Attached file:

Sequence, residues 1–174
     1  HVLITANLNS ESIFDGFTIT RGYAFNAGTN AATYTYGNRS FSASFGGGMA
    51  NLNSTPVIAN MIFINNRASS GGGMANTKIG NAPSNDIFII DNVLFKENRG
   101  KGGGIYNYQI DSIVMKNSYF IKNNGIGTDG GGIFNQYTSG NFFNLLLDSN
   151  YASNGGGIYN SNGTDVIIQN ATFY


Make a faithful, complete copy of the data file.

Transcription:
Sequence, residues 1–174
     1  HVLITANLNS ESIFDGFTIT RGYAFNAGTN AATYTYGNRS FSASFGGGMA
    51  NLNSTPVIAN MIFINNRASS GGGMANTKIG NAPSNDIFII DNVLFKENRG
   101  KGGGIYNYQI DSIVMKNSYF IKNNGIGTDG GGIFNQYTSG NFFNLLLDSN
   151  YASNGGGIYN SNGTDVIIQN ATFY